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Premium Call of Duty content could go free - Pachter

Analyst says new CoD studio Beachhead may operate "as a loss leader"

Wedbush analyst Michael Pachter believes new Call of Duty studio Beachhead may operate as a "loss leader", as Activision looks to cement the franchise's market leading position in the FPS genre.


Activision said earlier this month that Beachhead "will lead the creation of our all-new digital platform for the Call of Duty franchise", creating "a best-in-class online community, exclusive content and a suite of services for our Call of Duty fans to supercharge the online gaming experience like never before".

In a research note today, Pachter said Activision may decide not to charge for Call of Duty multiplayer services - he previously predicted it would - and that it could even offer some "must have" new features free of charge.

"We have long believed that Activision would begin to offer a premium multiplayer experience for its Call of Duty brand, beginning early in 2011," Pachter said. "With the company's recent announcement of Project Beachhead, it acknowledged that such a premium service is in the works, but details about pricing were not provided.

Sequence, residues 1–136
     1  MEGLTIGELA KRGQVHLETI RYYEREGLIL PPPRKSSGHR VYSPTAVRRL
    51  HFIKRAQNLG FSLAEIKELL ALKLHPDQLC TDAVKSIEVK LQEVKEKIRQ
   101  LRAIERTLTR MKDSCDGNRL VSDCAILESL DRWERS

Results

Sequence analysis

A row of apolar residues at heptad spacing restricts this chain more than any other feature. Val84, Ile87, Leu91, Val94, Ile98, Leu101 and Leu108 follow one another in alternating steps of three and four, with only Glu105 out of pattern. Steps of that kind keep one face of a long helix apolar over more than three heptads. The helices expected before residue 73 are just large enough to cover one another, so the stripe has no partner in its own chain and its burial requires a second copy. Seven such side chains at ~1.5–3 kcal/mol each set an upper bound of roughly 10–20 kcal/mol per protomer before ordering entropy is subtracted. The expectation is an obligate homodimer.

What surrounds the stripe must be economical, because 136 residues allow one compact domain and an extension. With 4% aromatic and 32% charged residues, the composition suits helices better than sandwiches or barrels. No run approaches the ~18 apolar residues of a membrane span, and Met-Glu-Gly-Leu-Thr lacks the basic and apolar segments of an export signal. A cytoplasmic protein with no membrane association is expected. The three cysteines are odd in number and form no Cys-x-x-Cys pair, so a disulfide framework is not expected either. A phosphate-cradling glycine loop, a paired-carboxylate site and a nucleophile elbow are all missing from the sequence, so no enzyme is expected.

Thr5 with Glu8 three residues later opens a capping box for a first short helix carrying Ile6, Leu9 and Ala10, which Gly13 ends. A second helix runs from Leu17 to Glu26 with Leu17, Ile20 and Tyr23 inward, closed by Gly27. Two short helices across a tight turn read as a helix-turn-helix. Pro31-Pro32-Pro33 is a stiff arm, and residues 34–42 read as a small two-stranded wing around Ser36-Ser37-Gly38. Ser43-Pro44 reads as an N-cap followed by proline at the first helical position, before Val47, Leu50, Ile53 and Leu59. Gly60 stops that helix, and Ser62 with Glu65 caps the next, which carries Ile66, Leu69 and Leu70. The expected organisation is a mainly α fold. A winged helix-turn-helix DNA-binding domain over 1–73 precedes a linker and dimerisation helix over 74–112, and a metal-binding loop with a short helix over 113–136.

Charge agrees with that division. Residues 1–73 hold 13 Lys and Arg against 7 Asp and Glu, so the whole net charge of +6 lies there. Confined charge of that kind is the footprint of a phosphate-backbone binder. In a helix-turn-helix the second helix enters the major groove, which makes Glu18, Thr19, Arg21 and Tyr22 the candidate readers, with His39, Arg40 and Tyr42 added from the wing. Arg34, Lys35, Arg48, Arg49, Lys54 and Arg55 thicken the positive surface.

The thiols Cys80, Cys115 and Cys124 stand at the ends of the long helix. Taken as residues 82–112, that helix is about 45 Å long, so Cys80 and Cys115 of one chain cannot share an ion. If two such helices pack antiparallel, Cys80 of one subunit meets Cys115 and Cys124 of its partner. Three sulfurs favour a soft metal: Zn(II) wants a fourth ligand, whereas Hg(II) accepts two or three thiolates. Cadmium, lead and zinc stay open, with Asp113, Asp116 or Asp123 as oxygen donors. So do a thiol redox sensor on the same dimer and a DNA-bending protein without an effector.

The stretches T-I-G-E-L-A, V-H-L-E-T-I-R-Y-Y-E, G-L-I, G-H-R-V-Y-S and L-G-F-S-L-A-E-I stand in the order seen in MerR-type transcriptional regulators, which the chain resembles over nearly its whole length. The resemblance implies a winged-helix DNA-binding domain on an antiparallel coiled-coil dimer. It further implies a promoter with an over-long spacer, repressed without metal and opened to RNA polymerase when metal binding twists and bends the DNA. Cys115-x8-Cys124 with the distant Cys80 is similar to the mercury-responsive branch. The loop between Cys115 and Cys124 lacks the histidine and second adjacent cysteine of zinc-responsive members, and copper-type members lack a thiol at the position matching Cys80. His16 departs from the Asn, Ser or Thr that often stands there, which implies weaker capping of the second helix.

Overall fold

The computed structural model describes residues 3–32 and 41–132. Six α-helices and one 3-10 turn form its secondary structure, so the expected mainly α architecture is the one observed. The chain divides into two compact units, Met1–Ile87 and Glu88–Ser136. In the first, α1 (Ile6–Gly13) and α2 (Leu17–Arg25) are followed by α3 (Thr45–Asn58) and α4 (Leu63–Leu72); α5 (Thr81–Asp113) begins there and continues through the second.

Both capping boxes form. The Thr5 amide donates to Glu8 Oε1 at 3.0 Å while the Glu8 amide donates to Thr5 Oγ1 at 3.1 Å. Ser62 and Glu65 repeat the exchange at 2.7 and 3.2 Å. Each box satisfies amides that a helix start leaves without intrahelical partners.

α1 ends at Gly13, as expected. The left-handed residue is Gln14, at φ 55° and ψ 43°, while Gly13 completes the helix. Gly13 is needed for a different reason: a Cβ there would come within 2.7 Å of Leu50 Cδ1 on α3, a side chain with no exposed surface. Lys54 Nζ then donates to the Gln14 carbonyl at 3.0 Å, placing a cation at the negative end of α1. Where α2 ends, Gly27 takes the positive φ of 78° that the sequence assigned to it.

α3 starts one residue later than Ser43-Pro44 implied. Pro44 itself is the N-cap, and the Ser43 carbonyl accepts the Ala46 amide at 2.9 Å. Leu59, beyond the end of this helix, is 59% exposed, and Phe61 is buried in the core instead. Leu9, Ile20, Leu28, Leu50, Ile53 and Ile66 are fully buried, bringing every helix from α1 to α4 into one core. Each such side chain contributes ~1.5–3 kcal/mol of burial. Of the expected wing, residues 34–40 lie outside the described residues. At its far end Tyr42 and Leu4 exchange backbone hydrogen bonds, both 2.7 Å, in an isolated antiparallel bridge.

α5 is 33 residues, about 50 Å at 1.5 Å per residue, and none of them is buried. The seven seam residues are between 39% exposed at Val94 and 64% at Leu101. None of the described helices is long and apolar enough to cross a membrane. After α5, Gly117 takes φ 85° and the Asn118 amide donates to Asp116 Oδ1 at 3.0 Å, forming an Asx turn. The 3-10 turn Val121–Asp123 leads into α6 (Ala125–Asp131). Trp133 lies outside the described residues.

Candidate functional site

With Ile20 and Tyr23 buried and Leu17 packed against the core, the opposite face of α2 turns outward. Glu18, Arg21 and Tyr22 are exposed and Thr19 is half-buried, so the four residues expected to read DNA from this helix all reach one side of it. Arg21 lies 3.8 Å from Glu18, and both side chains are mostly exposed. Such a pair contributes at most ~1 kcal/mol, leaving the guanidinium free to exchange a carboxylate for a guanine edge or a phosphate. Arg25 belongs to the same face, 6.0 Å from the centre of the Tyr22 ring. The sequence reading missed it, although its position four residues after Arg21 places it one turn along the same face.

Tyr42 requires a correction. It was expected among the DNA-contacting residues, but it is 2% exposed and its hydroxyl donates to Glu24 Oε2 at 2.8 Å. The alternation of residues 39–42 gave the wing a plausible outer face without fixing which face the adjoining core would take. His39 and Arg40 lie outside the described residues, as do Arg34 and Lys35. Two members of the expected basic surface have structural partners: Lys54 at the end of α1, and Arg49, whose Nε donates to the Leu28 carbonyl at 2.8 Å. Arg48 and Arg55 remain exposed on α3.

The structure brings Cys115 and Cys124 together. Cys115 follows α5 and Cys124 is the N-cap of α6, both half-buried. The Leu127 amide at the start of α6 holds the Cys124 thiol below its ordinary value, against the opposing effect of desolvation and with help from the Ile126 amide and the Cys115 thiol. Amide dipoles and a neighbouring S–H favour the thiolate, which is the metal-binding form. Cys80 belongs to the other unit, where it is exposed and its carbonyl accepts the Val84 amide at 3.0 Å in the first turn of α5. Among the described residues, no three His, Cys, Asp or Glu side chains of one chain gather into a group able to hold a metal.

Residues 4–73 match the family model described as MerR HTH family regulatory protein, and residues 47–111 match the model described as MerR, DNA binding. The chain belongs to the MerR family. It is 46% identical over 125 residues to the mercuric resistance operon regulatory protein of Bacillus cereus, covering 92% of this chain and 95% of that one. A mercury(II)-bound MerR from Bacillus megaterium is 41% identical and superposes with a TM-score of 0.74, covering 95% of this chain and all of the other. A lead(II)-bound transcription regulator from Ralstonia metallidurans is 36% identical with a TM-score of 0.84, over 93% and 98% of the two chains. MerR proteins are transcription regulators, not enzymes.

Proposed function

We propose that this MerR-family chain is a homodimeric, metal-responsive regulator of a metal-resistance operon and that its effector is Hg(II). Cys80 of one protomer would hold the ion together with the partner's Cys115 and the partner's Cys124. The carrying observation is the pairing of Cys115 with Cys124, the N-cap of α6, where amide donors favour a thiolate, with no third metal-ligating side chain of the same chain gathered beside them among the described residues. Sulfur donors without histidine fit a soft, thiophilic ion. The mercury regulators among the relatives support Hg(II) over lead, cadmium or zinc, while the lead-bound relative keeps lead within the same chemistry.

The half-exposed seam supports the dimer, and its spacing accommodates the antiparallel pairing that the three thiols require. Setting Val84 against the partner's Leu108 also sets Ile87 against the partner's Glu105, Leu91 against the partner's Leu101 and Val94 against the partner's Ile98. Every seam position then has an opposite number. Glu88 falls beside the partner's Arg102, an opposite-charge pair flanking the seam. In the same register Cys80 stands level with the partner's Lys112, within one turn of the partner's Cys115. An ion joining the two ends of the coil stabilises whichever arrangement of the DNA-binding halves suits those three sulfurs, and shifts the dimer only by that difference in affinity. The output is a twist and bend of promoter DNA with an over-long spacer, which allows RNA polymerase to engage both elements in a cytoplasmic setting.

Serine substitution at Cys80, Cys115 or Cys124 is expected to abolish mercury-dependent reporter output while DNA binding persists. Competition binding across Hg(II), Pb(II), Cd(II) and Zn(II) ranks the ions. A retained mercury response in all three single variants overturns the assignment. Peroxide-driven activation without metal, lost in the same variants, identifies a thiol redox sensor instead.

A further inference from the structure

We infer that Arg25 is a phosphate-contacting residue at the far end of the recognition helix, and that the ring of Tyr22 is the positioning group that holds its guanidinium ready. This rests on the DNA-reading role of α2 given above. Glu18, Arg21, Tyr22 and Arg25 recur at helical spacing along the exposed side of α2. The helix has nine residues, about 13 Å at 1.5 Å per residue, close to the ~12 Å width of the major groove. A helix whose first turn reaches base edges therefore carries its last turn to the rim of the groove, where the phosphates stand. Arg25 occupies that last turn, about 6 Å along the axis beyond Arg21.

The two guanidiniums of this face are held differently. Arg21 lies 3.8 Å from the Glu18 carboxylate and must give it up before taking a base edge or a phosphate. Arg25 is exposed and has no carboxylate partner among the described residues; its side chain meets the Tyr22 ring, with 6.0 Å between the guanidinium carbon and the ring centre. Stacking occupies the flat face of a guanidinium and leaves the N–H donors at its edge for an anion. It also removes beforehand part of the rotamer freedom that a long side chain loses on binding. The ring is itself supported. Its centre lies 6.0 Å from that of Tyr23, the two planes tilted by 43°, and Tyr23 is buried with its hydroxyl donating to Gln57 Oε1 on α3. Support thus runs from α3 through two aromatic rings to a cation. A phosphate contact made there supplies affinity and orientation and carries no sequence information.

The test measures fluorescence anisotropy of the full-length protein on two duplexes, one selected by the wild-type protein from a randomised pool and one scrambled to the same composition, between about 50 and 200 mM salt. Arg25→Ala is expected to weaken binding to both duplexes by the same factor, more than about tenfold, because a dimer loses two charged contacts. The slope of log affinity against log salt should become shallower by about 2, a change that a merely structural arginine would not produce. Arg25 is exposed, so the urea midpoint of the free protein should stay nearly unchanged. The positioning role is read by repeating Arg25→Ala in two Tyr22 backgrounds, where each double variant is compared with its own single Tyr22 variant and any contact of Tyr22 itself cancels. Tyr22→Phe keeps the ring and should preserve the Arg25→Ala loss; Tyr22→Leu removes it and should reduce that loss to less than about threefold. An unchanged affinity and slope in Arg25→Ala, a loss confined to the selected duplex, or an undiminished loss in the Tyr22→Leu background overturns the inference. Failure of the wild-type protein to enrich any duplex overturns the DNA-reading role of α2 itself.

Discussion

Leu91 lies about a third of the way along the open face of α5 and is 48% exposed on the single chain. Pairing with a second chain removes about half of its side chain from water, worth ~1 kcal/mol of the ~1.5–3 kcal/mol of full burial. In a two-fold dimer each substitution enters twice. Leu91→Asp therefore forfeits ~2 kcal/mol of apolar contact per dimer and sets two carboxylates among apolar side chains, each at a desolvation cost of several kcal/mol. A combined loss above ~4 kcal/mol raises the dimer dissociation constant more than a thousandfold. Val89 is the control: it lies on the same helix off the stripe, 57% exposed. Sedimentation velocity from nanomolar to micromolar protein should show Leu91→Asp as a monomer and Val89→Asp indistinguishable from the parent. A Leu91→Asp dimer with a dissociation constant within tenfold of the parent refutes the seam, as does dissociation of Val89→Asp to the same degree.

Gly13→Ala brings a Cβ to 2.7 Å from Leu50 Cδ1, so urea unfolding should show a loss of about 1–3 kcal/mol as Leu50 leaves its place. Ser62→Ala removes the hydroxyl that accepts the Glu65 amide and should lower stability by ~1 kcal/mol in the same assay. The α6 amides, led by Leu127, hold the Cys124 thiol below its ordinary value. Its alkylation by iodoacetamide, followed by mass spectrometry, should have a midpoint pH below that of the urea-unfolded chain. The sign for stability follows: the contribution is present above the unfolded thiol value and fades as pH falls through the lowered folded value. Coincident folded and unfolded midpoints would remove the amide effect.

"Given the surprising strength of each successive version of Call of Duty over the last few years, we now think it is possible that Activision will use its premium service as a loss leader, providing the service for free to create a more formidable barrier to entry by its competitors; we think it is possible that Project Beachhead will incorporate 'must have' features that will serve to drive ever-increasing sales of each annual Call of Duty instalment, encouraging all of the multiplayer consumers to purchase the next version on launch date."

"As such," Pachter added, "we think it is possible that Activision will not charge for multiplayer, provided that the company believes it can sustain sales of Call of Duty at the 20 million unit level annually."

"We do not believe that every feature of Project Beachhead will be offered for free, but it is clear to us from the company's statements early in February that it considers Call of Duty a crown jewel in the Activision portfolio that is to be protected at all costs, and equally clear that competitor Electronic Arts intends to capture some market share with this year's version of Battlefield Bad Company."

EA CEO John Riccitiello has made no secret of his company's plans to wrestle market share from Activision in the FPS genre, going as far as to claim that Battlefield 3 will be the best game released in 2011.